We got a length of wood (in the same dimensions as the bed frame) and cut it down to fix it in the centre of the long opening to form a little column in the middle of the frame. This gave us two ‘door’ openings to fit our two stair gates into. Fortuitously the height of the gates is just right to fit into the openings without leaving too large a gap at the top or bottom to get a head stuck in! (For balustrades gaps should be no wider than 100mm.) In fact the gate sits low enough at the bottom so that the mattress overlaps any gap there.
Twinkle moved into her new bed at half term and so far it’s been great! She has so much more space and having two gates that can be opened individually or together, means it feels much more open and accessible than the cotbed was – not to mention so much easier on my back when helping her in and out!
We have accessorised it with an old crib mattress as a padded headboard and have used one of our guest bed cubes from the Futon Company to provide a padded surface side stop any bumps against the wall.
The only negatives are that the top of the bed frame is quite low, so although it’s great for framing the stairgate, it’s just at the right height for an adult to bang their head on!
Also, the bed is a little high off the ground just now for Twinkle to reach the floor from sitting on the edge. She can’t get herself in and out on her own yet, but it would be nice to be able to practice climbing in and out, so we may need to add a little step or platform.
It provides just the level of protection that Twinkle needs, i.e. prevents accidental rolling out of the bed. I think if she begins to pull herself up to standing or trying to escape we’ll need to rethink. However since it’s a standard bed we figure, if it doesn’t work in the long term, EW can have it as a cabin bed when he’s bigger and we can revisit our options for Twinkle.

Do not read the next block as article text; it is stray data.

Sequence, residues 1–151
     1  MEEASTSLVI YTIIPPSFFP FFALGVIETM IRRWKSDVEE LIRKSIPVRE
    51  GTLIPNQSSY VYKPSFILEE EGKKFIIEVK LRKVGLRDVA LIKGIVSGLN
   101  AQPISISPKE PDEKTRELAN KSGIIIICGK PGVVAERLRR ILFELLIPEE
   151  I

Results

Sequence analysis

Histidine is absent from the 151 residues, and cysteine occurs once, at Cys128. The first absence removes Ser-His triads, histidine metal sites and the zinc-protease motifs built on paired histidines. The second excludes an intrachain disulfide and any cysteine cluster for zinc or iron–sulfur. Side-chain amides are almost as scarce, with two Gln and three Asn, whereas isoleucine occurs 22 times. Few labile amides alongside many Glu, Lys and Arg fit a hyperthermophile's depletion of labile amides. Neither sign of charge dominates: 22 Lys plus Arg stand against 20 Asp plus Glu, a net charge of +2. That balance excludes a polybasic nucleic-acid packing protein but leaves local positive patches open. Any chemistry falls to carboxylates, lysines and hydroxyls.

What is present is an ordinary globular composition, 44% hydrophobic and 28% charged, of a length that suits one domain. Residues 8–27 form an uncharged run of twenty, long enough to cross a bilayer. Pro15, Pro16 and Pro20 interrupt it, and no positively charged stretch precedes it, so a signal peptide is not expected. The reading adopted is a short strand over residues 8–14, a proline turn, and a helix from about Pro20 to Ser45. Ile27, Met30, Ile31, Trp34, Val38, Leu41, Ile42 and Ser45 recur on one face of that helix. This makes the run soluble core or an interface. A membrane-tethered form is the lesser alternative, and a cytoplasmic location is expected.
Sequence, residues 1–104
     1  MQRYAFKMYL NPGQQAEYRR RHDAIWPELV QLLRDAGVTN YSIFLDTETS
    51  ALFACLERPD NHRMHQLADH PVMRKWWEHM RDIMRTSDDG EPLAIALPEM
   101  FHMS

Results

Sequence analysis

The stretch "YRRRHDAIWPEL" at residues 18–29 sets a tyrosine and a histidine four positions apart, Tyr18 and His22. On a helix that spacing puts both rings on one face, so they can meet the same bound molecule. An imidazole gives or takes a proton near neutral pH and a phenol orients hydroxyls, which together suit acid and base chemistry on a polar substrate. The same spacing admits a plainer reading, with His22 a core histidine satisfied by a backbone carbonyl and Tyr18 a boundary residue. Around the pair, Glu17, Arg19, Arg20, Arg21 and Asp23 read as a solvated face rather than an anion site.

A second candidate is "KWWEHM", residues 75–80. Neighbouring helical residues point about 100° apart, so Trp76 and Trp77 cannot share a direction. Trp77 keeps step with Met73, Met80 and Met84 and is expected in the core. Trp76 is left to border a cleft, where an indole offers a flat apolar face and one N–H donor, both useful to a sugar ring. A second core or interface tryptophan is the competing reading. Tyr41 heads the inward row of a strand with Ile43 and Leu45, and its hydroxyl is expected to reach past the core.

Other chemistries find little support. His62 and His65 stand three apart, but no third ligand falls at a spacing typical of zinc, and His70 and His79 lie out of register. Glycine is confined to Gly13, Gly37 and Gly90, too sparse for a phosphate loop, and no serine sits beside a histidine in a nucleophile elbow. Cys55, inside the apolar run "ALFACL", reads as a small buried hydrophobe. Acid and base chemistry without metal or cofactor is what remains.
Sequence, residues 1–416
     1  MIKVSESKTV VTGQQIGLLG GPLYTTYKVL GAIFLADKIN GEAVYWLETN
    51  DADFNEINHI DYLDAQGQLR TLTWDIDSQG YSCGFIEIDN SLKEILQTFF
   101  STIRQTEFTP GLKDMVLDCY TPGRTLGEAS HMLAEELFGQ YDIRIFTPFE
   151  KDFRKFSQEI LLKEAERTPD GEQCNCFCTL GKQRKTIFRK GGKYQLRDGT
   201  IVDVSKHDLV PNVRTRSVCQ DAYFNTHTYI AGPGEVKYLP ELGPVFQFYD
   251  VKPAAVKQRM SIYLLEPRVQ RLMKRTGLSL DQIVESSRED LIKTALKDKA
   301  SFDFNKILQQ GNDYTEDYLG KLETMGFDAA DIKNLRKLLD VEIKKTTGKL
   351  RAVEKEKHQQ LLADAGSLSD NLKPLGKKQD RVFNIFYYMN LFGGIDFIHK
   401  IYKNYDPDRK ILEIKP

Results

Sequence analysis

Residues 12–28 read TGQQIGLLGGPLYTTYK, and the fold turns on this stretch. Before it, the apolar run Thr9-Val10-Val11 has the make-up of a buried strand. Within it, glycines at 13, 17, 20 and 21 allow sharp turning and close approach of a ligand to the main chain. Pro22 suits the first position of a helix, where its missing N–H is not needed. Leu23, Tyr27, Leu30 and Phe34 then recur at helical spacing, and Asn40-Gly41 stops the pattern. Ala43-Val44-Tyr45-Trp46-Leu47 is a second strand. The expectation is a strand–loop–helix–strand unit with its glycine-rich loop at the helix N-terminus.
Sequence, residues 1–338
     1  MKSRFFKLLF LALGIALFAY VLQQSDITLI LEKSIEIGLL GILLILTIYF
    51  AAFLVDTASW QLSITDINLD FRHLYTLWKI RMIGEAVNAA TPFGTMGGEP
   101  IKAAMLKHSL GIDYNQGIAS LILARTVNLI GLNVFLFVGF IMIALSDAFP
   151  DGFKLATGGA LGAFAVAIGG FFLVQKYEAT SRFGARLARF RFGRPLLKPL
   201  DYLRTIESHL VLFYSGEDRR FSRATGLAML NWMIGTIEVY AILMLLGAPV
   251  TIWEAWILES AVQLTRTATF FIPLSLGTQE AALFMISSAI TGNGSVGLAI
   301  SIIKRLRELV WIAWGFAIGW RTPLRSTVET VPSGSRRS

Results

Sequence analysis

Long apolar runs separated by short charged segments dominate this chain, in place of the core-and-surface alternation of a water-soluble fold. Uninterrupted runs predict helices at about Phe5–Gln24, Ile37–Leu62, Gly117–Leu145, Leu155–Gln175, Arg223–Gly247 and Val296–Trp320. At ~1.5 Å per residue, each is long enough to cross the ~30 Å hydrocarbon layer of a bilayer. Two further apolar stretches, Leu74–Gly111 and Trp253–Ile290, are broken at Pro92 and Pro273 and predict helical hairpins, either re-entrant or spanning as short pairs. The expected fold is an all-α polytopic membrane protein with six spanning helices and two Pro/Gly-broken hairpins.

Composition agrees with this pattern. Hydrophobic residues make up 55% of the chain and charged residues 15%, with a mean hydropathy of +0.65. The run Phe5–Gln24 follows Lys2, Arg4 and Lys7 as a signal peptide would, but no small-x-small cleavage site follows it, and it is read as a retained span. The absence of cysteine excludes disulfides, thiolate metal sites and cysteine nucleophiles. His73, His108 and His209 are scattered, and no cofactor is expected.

Meantime the little dude is loving his new cotbed. We have taken one side off and found yet another use for our other cube bed, wedged between the cotbed and the chimney breast, as a half bed guard for EW (I’m going to have to do a 101 uses for a cube bed post at some point!). He’s loving the freedom of being able to get in and out of his own bed and is actually sleeping in it most of the time!
= More sleep for me! Hurrah!
The mumtrepreneurs at Cheeky Chompers are extending their range of Neckerchew* products to include larger sizes for older children and adults with special needs!
We hadn’t used these baby Neckerchews before – I’m not quite sure how we missed them as Twinkle has been wearing dribble bibs since she was a little baby!